Personally, I would have included tracks from AmericaCrosby, Stills & Nash (and with Young), The Flying Burrito Brothers and The Band but that is nit-picking. This is a really good compilation from a good period.


This is an abridged double CD of highlights of the many demos and outtakes recorded for the three classic mid-sixties albums Bringing It All Back HomeHighway 61 Revisted and Blonde On Blonde. There is, of course the full box set version of God knows how many CDs and multiple takes of Like A Rolling Stone from the shortest ones lasting a minute or two to the full, virtually complete versions. Personally, I can do without all those semi-versions of the same song. I do, however, enjoy listening to complete alternate versions of the songs I know so well. This double CD is pretty ideal for that. I have enhanced the collection by downloading those tracks from the larger box set that do not appear on here. Around forty-five takes will do for me.

It does make for a fascinating look into Dylan's development of these songs and his painstaking perfectionism. All the alternate versions and outtakes are impressive and the sound quality equally so. Often demo versions are not the best, sound-wise. This is not the case here. In some cases, the sound is as good, if not better than the take eventually used on the albums. Listen that full, throbbing bass on Subterranean Homesick Blues (Take 1, Alternate Take). Superb. There is an appealing looseness to this take, as there is on a lot of the material. You get the impression that Dylan was thoroughly enjoying himself. There is no discernible feeling of tightness or tension. He does, however, say that a bassy take of Mr. Tambourine Man was "driving him mad" and that "I screwed up" at the end of Like A Rolling Stone. It is also most intriguing to hear a full-on rocking version of Visions Of Johanna. Check out the jaunty, semi-reggae of Just Like A Woman, too. The great thing about these versions is how different they are to the ones that were eventually released, often radically so, making them really interesting to listen to.

Listen to the raw, edgy bluesiness of Outlaw Blues (Take 2, Alternate Take), or Sitting On A Barbed Wire Fence  - this is stuff worthy of a listen, even if you are familiar and happy with the eventual albums. Highly recommended.



This review concentrates, not on the music, but on what is contained in this phenomenal “Complete Works” and what the status is regarding the remasterings (or not) of the albums contained within the box set.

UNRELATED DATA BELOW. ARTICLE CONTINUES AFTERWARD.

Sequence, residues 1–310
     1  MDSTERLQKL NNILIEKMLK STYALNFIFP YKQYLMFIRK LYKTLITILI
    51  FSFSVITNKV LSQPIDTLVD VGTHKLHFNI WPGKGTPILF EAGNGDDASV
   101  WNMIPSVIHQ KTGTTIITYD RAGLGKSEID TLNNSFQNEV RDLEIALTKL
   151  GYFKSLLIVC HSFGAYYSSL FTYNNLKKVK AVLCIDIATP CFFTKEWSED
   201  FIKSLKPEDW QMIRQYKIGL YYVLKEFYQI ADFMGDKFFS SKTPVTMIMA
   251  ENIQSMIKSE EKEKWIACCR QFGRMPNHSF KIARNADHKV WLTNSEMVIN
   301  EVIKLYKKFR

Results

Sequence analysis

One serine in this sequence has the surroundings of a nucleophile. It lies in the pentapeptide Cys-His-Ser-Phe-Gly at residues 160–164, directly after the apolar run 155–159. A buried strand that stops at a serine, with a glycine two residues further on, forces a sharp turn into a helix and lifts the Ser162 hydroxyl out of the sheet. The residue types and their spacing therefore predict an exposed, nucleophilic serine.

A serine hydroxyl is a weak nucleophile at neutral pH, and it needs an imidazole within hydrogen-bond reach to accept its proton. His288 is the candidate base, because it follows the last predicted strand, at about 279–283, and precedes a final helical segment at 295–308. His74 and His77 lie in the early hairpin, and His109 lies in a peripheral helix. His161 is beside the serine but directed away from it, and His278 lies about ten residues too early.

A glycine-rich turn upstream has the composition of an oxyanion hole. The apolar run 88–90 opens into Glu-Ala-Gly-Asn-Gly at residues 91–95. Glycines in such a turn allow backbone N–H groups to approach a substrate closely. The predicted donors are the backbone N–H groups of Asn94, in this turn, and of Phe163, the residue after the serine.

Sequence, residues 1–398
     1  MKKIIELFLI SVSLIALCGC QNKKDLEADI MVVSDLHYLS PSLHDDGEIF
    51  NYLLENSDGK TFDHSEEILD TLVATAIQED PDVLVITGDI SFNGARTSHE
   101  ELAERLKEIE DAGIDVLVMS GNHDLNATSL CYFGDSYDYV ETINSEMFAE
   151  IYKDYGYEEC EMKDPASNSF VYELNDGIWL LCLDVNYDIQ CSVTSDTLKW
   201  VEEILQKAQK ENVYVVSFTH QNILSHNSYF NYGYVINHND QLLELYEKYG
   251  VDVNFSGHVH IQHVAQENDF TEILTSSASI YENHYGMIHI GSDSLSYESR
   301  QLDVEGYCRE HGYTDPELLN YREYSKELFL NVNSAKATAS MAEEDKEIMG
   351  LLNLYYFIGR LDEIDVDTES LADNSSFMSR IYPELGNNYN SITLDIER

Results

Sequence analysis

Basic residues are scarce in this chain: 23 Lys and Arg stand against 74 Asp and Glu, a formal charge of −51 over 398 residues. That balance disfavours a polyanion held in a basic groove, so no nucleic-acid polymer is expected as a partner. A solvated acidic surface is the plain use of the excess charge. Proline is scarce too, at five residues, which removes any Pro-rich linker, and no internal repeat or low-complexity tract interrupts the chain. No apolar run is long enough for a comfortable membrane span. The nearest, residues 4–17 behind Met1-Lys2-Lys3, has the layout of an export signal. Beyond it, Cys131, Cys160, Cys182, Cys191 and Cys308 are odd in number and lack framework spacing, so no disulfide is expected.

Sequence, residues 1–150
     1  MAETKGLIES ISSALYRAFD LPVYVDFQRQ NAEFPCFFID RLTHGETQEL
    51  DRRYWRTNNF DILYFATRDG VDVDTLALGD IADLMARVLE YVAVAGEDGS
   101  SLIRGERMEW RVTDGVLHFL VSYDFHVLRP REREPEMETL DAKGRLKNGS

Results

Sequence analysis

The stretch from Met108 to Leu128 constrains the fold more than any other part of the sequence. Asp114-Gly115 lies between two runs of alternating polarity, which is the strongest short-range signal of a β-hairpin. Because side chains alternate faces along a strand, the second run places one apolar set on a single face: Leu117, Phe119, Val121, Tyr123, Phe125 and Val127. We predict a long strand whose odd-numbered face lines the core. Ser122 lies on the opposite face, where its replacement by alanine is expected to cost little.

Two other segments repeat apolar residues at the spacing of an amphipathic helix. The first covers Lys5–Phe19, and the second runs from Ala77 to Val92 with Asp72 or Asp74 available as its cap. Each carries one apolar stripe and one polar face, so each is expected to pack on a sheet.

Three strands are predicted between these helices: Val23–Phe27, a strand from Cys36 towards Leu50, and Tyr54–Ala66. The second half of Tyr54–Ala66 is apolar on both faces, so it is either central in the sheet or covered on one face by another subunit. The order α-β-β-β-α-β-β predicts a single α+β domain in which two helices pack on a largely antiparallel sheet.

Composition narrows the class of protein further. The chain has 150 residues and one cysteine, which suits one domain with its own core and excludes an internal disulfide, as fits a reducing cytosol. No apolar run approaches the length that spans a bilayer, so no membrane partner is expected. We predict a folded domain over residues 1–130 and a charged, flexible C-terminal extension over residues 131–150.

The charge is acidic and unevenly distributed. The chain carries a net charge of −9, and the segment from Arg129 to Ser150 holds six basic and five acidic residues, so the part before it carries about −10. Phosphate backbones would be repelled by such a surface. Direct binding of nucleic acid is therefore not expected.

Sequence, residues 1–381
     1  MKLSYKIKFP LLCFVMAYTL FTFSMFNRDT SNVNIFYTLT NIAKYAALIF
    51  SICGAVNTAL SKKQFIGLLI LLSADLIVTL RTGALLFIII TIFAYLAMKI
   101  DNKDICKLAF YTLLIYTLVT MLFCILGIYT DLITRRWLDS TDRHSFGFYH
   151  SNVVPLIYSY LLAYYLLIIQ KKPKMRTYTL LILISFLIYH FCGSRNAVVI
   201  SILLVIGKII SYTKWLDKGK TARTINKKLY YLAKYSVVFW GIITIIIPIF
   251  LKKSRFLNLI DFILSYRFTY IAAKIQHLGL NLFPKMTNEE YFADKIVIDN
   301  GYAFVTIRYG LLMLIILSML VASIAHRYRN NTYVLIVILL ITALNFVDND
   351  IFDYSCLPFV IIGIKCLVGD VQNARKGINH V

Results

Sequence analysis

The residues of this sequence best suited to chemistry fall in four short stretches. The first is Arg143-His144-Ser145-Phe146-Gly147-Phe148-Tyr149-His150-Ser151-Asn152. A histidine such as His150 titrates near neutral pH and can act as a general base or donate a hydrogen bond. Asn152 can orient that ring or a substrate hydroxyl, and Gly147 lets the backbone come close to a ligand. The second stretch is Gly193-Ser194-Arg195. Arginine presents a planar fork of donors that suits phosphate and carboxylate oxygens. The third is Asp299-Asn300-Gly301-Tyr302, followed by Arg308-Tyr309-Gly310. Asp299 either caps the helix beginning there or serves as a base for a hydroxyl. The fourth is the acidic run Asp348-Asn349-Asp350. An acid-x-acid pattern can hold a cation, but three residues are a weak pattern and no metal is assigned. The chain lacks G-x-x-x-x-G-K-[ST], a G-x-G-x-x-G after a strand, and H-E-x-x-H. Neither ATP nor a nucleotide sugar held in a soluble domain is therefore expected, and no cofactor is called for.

So, here we go:-

Included in their excellent previously remastered formats are:-

The Freewheelin’ Bob Dylan (1963)
The Times They Are A-Changin’ (1963)
Another Side Of Bob Dylan (1964)
Bringing It All Back Home (1965)
Highway 61 Revisited (1965)
Blonde On Blonde (1966)
John Wesley Harding (1968)
Nashville Skyline (1969)
New Morning (1972)
Planet Waves (1973)
Blood On The Tracks (1974)
Desire (1976)
Slow Train Coming (1979)
Infidels (1983)
Oh Mercy (1989)
Love And Theft (2003)

All these sound excellent as they always did when they were remastered for the HDCD series.

Included in their original released mastering, in no need of re-mastering, are:-

Time Out Of Mind (1997)
Modern Times (2006)
Christmas Of The Heart (2009)
Together Though Life (2009)
Tempest (2012)

All these sound good, as you would expect, due to their date of recording.

Given new remasterings for this set (supposedly) are:-

Bob Dylan (1962)
Self Portrait (1970)
Dylan (1973)
Pat Garrett & Billy The Kid (1973)
Saved (1980)
Empire Burlesque (1985)
Knocked Out Loaded (1986)
Down In The Groove (1988)
Under The Red Sky (1990)
Good As I Been To You (1992)
World Gone Wrong (1993)

Personally, although a slight improvement can be heard on these remasters, I don’t feel that they sound that good, just a bit more clear, louder and puncher, with not a incredible improvement in the individual parts of the music. Albums like Saved, for example always sounded muffled, and it still does. Maybe it is just due to the original recording and nothing much more can be done about it, however many times it is remastered.


Live albums also remastered for this set are:-

Before The Flood (1974)
Hard Rain (1976)
Live At Budokan (1978)
Real Live (1984)
Unplugged (1995)
Dylan And The Dead (1989)

The same applies to Hard Rain as for Saved. It has always sounded awful. Real Live, for me, sounds improved, however, as does Budokan.

Street Legal* (1978)
Shot of Love* (1981)

These two are strange ones. Street Legal, in the remastering presented here, sounds awful to me. I much prefer the original HDCD remastering, which, for some unfathomable reason, seems to have been replaced in this set by a completely new, and, in my opinion, inferior remaster. Bizarrely, Shot Of Love is not credited as having been remastered at all, yet to me it sounds considerably improved, whereas Saved was supposedly remastered and still sounds poor.


As regards the music, I have reviewed all the individual albums under their own listings. It goes without saying that this body of work is arguable the greatest popular music has ever known.



Previously unreleased material from 1962-1989